Nevada "Shoplifting" Laws (NRS 205.220, NRS 205.240)
Explained by Las Vegas Criminal Defense Lawyers

Clark County courts take Las Vegas shoplifting charges very seriously. A conviction may not only land you behind bars and in debt . . . future employers may also pass you over for a job when it surfaces on a background check.

Our Las Vegas criminal defense lawyers have enjoyed great success in getting Nevada shoplifting cases thrown out or reduced to lesser charges so your criminal record stays clean. Below we have provided a brief overview of Clark County retail theft law including possible penalties and the defense we may use to fight your case.

Legal definition of "shoplifting" in Nevada

The legal definition of "shoplifting" in Las Vegas, Nevada, is when someone "intentionally steals, takes or carries away" store property. The legal name for shoplifting is "larceny," and the seriousness of the charges depends on the value of the goods allegedly stolen:

If someone is arrested for shoplifting $650 or more worth of property, then they may be charged with the Nevada felony of grand larceny. (NRS 205.220) Conversely, if someone is arrested for shoplifting less than $650 worth of property, then they may face charges for the Nevada misdemeanor of petty larceny. (NRS 204.240)

Burglary (NRS 205.060)

Las Vegas retail theft is separate from the Nevada crime of burglary, which makes it illegal to enter any building with the intent to commit larceny inside irrespective of whether any property is taken. Therefore someone may face both burglary and larceny charges in a shoplifting case if the prosecution believes that they intended to steal when they went into the store.

Defenses

There are numerous defenses your criminal defense lawyer may explore employing when fighting a Las Vegas shoplifting charge, and the particulars of your case dictate which ones will work most effectively. The following are some examples of these defenses.

  • Lack of intent. You cannot be convicted of shoplifting in Nevada unless the prosecution can prove beyond a reasonable doubt that you intended to permanently deprive the store of the goods. If you intended to return them, or you accidentally walked out forgetting to pay, then the charges should be dismissed.
  • Mistaken identity. Perhaps in the heat of the moment the storeowner attributed the theft to the wrong person. If your attorney can raise a reasonable doubt that you were not the person who shoplifted the items, then your charges should be dropped.
  • You owned the property. Maybe you already owned the items in question, and the storekeeper mistook them for their property. Perhaps you had already paid for the items, and the storekeeper forgot. If the prosecution can show that you already owned the property, then shoplifting charges cannot stand.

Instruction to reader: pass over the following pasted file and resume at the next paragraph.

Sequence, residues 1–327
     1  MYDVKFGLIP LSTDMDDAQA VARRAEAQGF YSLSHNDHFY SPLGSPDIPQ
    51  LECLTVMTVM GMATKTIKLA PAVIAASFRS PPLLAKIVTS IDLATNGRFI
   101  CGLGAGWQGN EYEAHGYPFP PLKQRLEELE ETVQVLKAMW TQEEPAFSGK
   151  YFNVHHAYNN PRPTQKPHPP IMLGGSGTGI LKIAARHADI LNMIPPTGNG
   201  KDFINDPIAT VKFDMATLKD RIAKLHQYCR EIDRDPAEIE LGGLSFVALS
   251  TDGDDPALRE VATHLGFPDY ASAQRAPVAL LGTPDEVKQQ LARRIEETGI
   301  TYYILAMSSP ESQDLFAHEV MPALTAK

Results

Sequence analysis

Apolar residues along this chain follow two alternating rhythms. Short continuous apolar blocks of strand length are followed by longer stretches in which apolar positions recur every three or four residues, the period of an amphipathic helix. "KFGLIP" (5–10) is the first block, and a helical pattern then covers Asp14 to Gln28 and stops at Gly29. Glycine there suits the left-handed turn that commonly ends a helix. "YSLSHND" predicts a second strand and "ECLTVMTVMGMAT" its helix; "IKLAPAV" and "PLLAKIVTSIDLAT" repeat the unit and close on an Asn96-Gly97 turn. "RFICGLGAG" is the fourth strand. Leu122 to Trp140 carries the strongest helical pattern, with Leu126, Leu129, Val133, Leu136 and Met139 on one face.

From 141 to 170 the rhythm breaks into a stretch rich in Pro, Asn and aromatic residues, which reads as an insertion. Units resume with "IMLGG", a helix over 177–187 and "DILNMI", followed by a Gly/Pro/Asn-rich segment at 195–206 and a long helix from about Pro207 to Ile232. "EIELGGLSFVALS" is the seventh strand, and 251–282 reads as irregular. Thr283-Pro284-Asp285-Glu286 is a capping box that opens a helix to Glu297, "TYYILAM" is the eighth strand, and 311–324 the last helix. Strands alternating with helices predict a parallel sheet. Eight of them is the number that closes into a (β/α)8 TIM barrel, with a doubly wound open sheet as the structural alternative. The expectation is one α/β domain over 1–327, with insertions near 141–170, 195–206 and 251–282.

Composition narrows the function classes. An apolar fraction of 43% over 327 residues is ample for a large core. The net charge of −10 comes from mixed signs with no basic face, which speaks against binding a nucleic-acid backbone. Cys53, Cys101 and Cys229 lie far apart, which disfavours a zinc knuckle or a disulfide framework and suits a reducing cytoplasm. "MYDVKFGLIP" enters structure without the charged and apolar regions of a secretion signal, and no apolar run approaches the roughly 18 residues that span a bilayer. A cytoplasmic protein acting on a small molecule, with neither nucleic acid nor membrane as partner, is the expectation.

Penalties

The punishments a judge may impose for a Nevada shoplifting conviction turn on whether the charges were for grand larceny or petty larceny:

Petty Larceny (NRS 205.240)

Petty larceny, which is a misdemeanor in Las Vegas, carries a possible sentence of:

  • restitution, and
  • up to six months in jail and/or up to $1,000 in fines

If it is your first offense, prosecutors are often amenable to dismissing a petty larceny charge or lessening it to something more minor like Nevada jaywalking so long as you pay a fine, restitution, and complete "Petit Larceny School."

Grand Larceny (NRS 205.220)

The penalties for grand larceny depend on the value of the items allegedly shoplifted. If the value is $650 up to $3,499.99, then it is a category C felony in Nevada carrying:

But if the value of the allegedly stolen goods is $3,500 or higher, then it is a category B felony in Nevada carrying:

Burglary

If someone is charged with burglary for a shoplifting incident, they face the category B felony sentence of:

  • 1 - 10 years in prison (or 2 - 15 years if the suspect possessed a deadly weapon), and
  • maybe a $10,000 fine

Immigration

Shoplifting is a crime involving moral turpitude in Nevada, so immigrants and aliens who have been convicted of it face removal from the U.S. If you are a non-citizen who has been charged with retail theft in Nevada, it may be possible to plead your charges down to something that is not a deportable offense in Nevada.

Call us if you have been arrested for shoplifting . . .

For years our Las Vegas criminal defense lawyers have achieved full dismissals or charge reductions in shoplifting cases. Please call us at 702-DEFENSE (702-333-3673) for a free meeting to discuss how we can fight your case so you can move on with your life as quickly as possible.

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